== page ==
Gator -- It’s What’s for Dinner: Why LSU Slow-Roasted Florida

By Terry Waldrop

The Florida Gator gumbo took a little longer to finish today, but fittingly, on a day when LSU was honoring their 2003 National Championship team, the Tigers came up with a little defensive nostalgia of their own. Call it throw back, retro or just simply the smothering dominating defense that LSU and the SEC have been known for in their decade-long dominance of the BCS. The Tiger defense has now pitched a touchdown shutout in six-consecutive SEC quarters.

LSU lined up and went directly after coach Will Muschamp’s Gator squad today, and the continual ground onslaught of Jeremy Hill mixed in with timely passes from Zach Mettenberger was too much for a valiant but ultimately lacking Florida squad in Death Valley.

The real heroes of the day for LSU were the much maligned and harshly-criticized defense who effectively pitched a near shut out of Florida. Granted, the Gator offense isn’t much to write home about, but the constant pressure and bend-and-not-break Tiger defense set a tone early that continued throughout the game. That tone was physical toughness. Both sides of the LSU line exhibited that today and the Tigers grounded out an impressive but less-than-full-of-highlights key SEC victory.

On a day where Georgia’s Aaron Murray saw his Heisman hopes vanquished and Georgia‘s SEC and BCS National title aspirations go down in flames, Mettenberger was determined not to let the same fate ensnare the Tigers. Mettenberger was efficient if nothing else.  His 9-of-17 passing for 151 yards produced no touchdowns, but his ability to not only buy into the physical LSU gameplan, but to execute it against a very good Florida defense  provided the separation needed, and the Tigers won a game they controlled from early in the second quarter.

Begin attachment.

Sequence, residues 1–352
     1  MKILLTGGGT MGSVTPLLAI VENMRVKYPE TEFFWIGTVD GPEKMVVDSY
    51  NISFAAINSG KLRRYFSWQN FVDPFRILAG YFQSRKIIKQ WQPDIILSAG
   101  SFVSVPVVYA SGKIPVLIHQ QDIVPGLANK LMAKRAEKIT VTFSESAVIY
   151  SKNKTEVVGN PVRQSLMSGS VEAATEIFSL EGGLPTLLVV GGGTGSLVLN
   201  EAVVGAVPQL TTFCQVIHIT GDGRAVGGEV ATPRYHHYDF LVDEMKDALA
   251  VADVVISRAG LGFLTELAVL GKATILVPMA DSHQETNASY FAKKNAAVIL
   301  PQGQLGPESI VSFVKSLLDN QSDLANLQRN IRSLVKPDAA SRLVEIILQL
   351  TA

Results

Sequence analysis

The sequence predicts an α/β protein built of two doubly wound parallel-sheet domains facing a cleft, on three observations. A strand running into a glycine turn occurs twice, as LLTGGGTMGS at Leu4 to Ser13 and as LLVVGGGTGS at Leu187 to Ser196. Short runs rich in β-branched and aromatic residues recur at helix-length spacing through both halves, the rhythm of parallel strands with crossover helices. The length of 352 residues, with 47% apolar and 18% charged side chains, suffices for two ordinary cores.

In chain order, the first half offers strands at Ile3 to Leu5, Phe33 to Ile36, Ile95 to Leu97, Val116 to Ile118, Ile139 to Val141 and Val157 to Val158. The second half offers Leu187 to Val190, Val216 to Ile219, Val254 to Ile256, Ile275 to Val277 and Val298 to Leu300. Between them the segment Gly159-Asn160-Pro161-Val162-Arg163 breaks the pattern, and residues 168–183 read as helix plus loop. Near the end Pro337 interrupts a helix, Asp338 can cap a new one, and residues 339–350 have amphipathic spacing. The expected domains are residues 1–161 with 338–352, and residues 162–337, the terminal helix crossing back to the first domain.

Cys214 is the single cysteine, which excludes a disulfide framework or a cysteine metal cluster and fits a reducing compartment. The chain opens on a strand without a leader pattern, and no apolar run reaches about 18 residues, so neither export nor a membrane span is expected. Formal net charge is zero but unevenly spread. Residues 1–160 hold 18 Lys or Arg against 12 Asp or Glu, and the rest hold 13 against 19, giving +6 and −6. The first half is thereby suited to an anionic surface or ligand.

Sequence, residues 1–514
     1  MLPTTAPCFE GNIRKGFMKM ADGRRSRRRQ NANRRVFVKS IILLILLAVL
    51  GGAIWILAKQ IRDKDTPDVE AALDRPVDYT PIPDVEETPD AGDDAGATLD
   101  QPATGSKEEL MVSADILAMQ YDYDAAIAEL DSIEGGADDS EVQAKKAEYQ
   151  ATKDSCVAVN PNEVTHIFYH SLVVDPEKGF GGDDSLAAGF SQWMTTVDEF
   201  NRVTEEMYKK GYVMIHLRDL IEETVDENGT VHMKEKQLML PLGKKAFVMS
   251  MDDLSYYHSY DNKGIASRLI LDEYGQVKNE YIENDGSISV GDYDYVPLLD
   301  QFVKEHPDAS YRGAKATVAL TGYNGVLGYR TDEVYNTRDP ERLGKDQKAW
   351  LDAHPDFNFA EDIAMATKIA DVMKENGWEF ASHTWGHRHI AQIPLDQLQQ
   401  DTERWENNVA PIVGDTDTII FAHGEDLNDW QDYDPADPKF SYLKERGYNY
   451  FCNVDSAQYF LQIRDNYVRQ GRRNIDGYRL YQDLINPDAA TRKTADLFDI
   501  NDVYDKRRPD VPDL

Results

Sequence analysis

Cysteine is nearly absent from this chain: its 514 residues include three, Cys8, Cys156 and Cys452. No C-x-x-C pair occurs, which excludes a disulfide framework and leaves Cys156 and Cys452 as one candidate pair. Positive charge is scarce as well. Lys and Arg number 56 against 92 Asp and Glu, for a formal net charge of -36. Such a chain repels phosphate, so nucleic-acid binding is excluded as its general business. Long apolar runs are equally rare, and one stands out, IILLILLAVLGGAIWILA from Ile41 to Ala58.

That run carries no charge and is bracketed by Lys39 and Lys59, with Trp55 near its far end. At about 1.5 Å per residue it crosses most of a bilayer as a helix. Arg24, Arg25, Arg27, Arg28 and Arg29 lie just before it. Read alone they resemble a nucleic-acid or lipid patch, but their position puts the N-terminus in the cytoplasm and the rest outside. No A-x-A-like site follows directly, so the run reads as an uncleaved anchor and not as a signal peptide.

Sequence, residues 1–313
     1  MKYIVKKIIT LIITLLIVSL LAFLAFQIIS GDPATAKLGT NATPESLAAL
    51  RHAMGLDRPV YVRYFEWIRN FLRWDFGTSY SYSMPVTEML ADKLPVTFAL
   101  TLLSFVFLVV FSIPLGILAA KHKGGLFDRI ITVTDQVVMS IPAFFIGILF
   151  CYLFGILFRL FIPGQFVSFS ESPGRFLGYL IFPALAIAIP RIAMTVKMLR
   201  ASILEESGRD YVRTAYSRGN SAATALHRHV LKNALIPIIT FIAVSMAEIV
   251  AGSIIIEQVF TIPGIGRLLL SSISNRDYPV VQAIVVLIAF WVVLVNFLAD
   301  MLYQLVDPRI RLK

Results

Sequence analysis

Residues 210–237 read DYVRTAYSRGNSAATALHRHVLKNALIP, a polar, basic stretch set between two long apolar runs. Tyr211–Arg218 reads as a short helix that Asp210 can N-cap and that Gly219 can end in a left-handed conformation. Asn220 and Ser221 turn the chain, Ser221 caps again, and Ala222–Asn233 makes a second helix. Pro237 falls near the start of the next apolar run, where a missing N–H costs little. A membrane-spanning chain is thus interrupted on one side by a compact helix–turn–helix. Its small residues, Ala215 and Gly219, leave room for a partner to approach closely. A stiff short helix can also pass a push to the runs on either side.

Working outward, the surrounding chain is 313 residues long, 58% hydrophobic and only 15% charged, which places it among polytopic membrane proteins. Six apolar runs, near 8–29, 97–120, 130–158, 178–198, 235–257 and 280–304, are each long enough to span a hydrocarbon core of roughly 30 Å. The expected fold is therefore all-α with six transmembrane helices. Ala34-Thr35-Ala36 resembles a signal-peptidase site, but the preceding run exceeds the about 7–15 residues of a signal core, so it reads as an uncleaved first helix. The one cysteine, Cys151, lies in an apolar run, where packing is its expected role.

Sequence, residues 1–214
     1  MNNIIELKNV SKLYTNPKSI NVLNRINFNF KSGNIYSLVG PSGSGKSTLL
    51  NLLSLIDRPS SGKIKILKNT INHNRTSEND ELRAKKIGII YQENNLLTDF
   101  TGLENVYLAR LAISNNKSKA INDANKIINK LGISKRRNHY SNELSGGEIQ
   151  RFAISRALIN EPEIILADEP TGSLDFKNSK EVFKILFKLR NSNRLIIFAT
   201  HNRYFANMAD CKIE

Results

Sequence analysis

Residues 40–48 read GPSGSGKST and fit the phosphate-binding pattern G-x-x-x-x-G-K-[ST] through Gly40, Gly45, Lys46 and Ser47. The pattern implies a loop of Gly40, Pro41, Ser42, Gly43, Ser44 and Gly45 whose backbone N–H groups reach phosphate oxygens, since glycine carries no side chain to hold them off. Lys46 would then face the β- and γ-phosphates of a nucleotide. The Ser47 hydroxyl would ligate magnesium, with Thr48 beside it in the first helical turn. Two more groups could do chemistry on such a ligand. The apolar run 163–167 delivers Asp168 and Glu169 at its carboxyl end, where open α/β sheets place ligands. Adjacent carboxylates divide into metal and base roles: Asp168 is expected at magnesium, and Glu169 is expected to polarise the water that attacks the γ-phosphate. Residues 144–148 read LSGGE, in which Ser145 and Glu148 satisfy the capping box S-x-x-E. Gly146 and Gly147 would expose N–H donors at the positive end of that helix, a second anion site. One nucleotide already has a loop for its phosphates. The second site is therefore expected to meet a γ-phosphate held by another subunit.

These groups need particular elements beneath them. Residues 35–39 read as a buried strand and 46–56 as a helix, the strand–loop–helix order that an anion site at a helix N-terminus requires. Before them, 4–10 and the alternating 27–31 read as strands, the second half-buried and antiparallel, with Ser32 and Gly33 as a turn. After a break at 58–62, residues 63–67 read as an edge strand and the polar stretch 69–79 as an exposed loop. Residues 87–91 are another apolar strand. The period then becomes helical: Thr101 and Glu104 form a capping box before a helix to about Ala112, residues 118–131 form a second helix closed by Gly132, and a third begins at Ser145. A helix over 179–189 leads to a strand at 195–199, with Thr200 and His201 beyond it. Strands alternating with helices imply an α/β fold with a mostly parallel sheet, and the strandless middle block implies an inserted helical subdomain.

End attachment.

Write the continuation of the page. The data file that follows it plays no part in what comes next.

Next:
Mettenberger’s stats will likely take him out of Heisman contention for now, but he has put the Tigers squarely in the BCS and SEC title picture with the showdown in Tuscaloosa with Saban and Alabama looming in a couple weeks. It will be the game of the century, part whatever it is now. Alabama has LSU in the way and the Tigers’ notoriously difficult schedule is looking seemingly much more manageable at this point. LSU has Alabama on the road and the Texas A&M Aggies in Death Valley around Thanksgiving in a sprint to the Tiger finish.

There weren’t many style points in the 17-6 victory over the Gators. Survive and advance is the battle cry for all teams with BCS aspirations at this point in the season, and the Tigers showed toughness and an ability to turn the clock back a few years and play bulldozer-style football their fans have been accustomed to. Don’t sleep on Ole Miss next week, but look for Mettenberger and company to open back up the airways and the Tigers to cruise over the Rebels.

Terry Waldrop was a long time college basketball coach and AD. He also is a writer for Follow him on Twitter @terrywaldrop,  or “Like” him on Facebook / add him to your network on Google.

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